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Where does digestion start?

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Digestion starts in the mouth both mechanically and chemically. Mechanical digestion refers to the teeth and chemical digestion refers to the actions of the enzymes maltase and amylase.

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Where is amylase produced?


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Amylase is produced in both the salivary glands and the pancreas

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What are enzymes?


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Enzymes are biological catalysts. This means that they speed up chemical reactions in the body.

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What does amylase break starch into?

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Amylase breaks down starch into glucose.

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What are the two roles of bile?


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Bile emulsifies fats and neutralises the contents of the small intestine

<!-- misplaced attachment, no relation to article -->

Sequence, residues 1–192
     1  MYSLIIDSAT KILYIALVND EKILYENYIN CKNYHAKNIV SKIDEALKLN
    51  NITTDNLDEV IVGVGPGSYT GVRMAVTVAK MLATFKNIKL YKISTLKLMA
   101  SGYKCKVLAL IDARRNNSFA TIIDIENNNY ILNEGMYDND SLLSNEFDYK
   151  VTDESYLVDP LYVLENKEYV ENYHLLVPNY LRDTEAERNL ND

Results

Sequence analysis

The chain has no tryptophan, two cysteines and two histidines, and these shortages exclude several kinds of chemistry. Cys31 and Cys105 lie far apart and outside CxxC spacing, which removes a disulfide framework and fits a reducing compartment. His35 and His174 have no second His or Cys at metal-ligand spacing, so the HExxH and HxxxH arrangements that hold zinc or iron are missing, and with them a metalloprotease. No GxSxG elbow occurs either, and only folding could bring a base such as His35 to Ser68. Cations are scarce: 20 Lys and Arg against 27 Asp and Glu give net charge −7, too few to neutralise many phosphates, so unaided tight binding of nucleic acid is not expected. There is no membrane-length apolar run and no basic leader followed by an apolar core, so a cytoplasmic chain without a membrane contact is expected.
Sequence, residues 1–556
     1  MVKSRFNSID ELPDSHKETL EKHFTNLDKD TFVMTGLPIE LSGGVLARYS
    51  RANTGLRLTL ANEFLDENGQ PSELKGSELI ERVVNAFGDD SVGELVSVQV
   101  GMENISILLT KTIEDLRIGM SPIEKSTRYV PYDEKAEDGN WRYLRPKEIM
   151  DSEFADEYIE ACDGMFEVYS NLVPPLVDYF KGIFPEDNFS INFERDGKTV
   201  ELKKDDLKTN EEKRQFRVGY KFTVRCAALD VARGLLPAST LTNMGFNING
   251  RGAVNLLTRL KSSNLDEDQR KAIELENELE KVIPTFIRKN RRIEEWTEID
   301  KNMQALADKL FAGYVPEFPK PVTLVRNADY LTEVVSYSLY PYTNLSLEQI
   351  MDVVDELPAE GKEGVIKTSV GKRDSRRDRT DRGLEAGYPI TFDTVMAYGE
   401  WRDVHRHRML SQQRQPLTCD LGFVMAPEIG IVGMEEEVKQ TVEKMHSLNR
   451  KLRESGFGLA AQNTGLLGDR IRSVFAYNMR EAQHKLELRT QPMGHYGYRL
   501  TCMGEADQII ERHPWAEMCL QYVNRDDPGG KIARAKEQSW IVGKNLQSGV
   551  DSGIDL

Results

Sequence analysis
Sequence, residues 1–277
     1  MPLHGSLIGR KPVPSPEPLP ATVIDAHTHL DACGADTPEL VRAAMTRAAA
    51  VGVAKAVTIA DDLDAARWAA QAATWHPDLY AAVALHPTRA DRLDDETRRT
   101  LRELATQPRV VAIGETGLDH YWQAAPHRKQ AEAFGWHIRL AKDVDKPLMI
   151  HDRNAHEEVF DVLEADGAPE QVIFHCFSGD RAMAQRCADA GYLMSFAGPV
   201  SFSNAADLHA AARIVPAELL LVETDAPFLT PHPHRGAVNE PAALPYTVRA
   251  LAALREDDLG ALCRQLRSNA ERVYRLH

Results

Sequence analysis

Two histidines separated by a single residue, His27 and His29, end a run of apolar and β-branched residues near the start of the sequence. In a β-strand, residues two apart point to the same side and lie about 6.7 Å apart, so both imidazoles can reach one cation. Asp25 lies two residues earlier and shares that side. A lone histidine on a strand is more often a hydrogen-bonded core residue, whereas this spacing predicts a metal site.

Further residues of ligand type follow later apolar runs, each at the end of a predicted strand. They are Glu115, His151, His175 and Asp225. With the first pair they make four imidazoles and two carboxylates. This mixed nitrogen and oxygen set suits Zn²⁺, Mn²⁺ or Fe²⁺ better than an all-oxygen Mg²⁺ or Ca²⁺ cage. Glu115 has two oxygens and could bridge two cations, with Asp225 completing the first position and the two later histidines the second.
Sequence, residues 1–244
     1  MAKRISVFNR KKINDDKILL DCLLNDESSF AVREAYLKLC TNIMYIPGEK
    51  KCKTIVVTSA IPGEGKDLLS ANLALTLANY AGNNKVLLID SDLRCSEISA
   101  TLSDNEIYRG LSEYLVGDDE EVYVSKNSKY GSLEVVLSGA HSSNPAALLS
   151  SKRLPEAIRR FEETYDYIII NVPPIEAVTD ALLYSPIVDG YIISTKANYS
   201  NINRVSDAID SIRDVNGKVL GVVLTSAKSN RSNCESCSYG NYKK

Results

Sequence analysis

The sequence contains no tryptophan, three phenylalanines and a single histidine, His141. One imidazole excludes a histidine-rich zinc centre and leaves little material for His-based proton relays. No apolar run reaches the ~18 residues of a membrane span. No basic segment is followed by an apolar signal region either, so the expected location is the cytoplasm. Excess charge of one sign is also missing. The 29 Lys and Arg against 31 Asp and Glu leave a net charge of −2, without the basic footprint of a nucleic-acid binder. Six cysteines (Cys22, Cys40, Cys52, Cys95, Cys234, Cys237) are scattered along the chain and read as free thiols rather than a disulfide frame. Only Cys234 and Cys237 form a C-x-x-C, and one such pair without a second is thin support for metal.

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What are villi?


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Villi are small finger-like structures in the small intestine. Their role is to help increase the surface area of the small intestine for the absorption of nutrients

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What is absorption?


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Absorption is the movement of nutrients from the small intestine into the blood

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What is assimilation?


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Assimilation is the movement of nutrients from the blood into body cells that require them

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Where does most absorption take place?


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Most absorption takes place in the small intestine, more specifically in the ileum

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Where does digestion start?


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Mouth

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Where is amylase produced?


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Pancreas and stomach